Daylight saving time reawakens debate about its worth

Springing forward and falling back leaves several people befuddled


Photo by Submitted

The week after daylight saving time marks a time of low productivity and exhaustion.

Americans have once again survived the shift to daylight saving time, followed by a week of lagging productivity, cyberloafing and just wishing they could go back to bed.

We all have heard the ways in which daylight saving time benefits people, but where did the idea come from, and why does it still exist? Most importantly, does it provide any tangible benefits to those who recognize it?

Founding father Benjamin Franklin is often mistakenly credited with the idea of daylight saving time in his essay “An Economical Project for Diminishing the Cost of Light.” But his suggestion to Parisians to get out of bed earlier to economize candle usage was satirical, not serious.

Proposals for implementing time changes have cropped up over the years, but Germany became the first country to implement daylight saving time in 1916 during the first World War as a way to save fuel. Subsequently, the United States adopted daylight saving time in 1918 to support the war effort.

However, daylight saving time was not a permanent measure. It was removed following WWI and since then, rules concerning daylight saving time have changed over the years.

The modern conception of daylight saving time was signed into law with the Energy Policy Act of 2005, with it starting on the second Sunday in March and ending the first Sunday in November.

One of the main reasons supporters champion daylight saving time is that it conserves energy. Following this logic, if the day seems longer because there is more daylight, people will use less electricity in the evenings.

However, according to National Geographic, the theory is fallible because temperature, not lighting, consumes the most energy today. Conserving an hour’s worth of lighting doesn’t offset blasting the air conditioning throughout the day.

One study conducted by the University of California-Santa Barbara found that when Indiana adopted daylight saving time in 2006, residential electricity use rose by one percent because of the additional demand on heating and cooling.

In addition, it is commonly believed that daylight saving time was adopted to benefit farmers. In fact, the agriculture industry opposed the switch to daylight saving time when it was first introduced in 1918, as it was disruptive to their work schedule and the habits of their livestock.

Studies have also shown the constant shift in daylight hours can have a negative effect on people’s health. Researchers found on the Monday following the beginning of daylight saving time, the risk of heart attack increased up to 25 percent.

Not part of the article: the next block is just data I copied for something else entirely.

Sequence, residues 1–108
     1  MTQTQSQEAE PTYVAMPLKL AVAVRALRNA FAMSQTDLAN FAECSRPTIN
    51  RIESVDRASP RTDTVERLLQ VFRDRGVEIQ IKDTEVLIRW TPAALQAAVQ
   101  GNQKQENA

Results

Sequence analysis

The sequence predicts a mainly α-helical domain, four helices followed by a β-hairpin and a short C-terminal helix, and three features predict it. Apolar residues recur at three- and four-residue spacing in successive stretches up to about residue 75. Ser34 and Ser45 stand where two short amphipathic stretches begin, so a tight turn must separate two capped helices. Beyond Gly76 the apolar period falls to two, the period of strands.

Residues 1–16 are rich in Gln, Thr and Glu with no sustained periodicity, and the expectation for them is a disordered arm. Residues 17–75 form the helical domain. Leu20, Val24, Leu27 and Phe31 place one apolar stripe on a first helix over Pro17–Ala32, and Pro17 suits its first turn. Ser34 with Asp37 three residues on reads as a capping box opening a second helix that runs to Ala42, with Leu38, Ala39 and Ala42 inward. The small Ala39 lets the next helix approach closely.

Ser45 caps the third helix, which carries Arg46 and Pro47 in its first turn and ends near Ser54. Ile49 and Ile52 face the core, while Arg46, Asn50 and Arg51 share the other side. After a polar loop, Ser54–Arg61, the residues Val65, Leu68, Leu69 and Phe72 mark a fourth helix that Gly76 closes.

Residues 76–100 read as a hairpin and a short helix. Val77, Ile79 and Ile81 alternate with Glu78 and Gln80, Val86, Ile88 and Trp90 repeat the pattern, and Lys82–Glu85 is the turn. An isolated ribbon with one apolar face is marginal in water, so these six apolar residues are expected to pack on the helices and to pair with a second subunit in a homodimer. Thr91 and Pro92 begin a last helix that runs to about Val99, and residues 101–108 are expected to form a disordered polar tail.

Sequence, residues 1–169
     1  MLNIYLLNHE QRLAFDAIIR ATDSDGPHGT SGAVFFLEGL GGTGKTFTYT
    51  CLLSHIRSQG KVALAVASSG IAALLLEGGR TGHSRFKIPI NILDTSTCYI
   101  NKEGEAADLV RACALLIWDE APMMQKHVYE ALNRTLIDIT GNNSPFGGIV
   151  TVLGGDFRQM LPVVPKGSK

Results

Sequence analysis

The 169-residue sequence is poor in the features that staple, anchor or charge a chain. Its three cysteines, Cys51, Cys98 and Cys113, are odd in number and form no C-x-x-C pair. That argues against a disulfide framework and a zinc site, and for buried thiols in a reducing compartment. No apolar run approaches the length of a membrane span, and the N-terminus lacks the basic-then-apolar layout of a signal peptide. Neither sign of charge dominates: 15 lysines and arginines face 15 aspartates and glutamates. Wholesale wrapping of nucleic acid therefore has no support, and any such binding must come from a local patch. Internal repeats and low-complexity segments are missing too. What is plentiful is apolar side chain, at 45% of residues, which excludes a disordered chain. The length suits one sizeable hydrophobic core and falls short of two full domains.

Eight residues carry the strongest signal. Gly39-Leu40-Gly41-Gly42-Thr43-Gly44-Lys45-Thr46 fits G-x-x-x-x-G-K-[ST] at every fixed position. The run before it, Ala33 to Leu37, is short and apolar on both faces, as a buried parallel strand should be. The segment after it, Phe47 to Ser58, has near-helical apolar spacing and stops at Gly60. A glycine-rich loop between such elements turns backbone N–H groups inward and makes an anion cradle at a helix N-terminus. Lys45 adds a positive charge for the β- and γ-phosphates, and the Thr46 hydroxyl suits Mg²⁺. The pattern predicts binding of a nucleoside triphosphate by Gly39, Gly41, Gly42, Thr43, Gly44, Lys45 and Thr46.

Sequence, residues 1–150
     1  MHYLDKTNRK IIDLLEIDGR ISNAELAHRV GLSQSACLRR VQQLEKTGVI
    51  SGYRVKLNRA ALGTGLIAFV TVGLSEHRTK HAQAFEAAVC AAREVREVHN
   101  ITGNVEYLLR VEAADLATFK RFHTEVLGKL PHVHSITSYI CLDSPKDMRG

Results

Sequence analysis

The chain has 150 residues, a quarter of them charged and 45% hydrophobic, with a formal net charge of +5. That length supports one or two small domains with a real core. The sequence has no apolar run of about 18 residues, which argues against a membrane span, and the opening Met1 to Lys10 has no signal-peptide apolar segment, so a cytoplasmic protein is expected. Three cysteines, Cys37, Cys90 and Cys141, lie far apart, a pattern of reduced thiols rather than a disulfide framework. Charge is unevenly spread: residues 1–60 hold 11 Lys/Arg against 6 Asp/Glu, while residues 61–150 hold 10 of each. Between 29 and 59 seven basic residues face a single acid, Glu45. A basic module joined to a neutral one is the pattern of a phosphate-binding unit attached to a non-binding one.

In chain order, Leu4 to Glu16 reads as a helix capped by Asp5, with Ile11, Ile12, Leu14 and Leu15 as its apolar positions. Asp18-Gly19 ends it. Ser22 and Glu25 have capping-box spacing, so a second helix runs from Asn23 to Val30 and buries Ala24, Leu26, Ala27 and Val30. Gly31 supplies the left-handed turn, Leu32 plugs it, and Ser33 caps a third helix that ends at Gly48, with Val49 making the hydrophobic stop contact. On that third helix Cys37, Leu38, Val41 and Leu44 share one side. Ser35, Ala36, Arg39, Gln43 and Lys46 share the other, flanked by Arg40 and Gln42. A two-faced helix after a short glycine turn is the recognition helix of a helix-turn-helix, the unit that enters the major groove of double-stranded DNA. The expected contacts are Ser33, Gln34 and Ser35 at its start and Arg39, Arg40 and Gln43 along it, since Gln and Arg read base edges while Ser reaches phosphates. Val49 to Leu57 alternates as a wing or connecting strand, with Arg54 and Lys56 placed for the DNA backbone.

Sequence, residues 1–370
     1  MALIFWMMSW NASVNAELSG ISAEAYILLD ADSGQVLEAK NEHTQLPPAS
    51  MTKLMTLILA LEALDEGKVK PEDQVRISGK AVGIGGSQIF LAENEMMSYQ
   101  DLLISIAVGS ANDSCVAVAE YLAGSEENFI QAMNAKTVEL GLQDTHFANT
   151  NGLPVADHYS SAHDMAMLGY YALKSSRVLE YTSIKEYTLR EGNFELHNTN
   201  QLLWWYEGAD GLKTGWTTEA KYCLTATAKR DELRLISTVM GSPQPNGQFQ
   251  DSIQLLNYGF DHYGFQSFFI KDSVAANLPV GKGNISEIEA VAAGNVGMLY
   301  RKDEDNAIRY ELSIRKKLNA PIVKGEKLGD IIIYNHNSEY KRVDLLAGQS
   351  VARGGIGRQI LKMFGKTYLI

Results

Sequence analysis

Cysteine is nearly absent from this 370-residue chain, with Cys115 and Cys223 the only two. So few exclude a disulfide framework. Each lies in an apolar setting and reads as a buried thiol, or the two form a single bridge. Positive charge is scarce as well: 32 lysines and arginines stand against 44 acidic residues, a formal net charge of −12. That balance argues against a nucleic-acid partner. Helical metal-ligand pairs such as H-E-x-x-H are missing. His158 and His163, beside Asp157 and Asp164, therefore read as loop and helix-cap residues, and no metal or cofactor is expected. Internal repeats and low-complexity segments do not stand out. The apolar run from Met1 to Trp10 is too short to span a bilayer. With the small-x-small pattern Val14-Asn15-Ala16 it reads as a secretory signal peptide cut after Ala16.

Till Roenneberg, a chronobiologist at Ludwig-Maximilians University in Munich, said daylight saving time disrupts people’s circadian rhythms, from which they don’t recover.

“The consequence of that is the majority of the population has drastically decreased productivity, decreased quality of life, increasing susceptibility to illness and is just plain tired,” Roenneberg said.

So if daylight saving time doesn’t stem energy consumption, benefit farmers or assist with people’s health, what good does it do? The most common response is that it spurs summer spending due to an extra hour in the day and improved moods.

One 2016 study conducted by JPMorgan Chase & Co. found spending in Los Angeles, a city which observes daylight saving time, rose with an extra hour of daylight compared to Phoenix, a city which does not observe daylight saving time.

In addition, the Association for Convenience and Fuel Retailing stated daylight saving time is the reason for tens of billions of dollars in increased gas sales since 1986.

Although many people use daylight saving time to enjoy long evenings during the summer months, the benefits far outweigh the annoyances and dangers caused by the constant moving back and forth one hour.

Federal government does not require states to follow the time changes, so some states and territories already don’t participate, including Hawaii, Arizona, Guam, American Samoa, Puerto Rico, the Virgin Islands and Northern Mariana Islands.

However, a solution may not be reached easily because it is a state decision. Matters would grow more confusing if some states choose to remain in daylight saving time and others choose to fall back to standard time. For about half the year, these states would be on the same clock.

Politics also comes into play, as politicians are divided on whether they want to remain in one time or not. In the same way, those who support one time are divided on remaining in standard time or daylight saving time.

It’s unlikely states will come to a unanimous decision regarding which time they adopt, but only 70 of the 196 countries in the world follow daylight saving time. Perhaps it’s time for the United States to leave it by the wayside.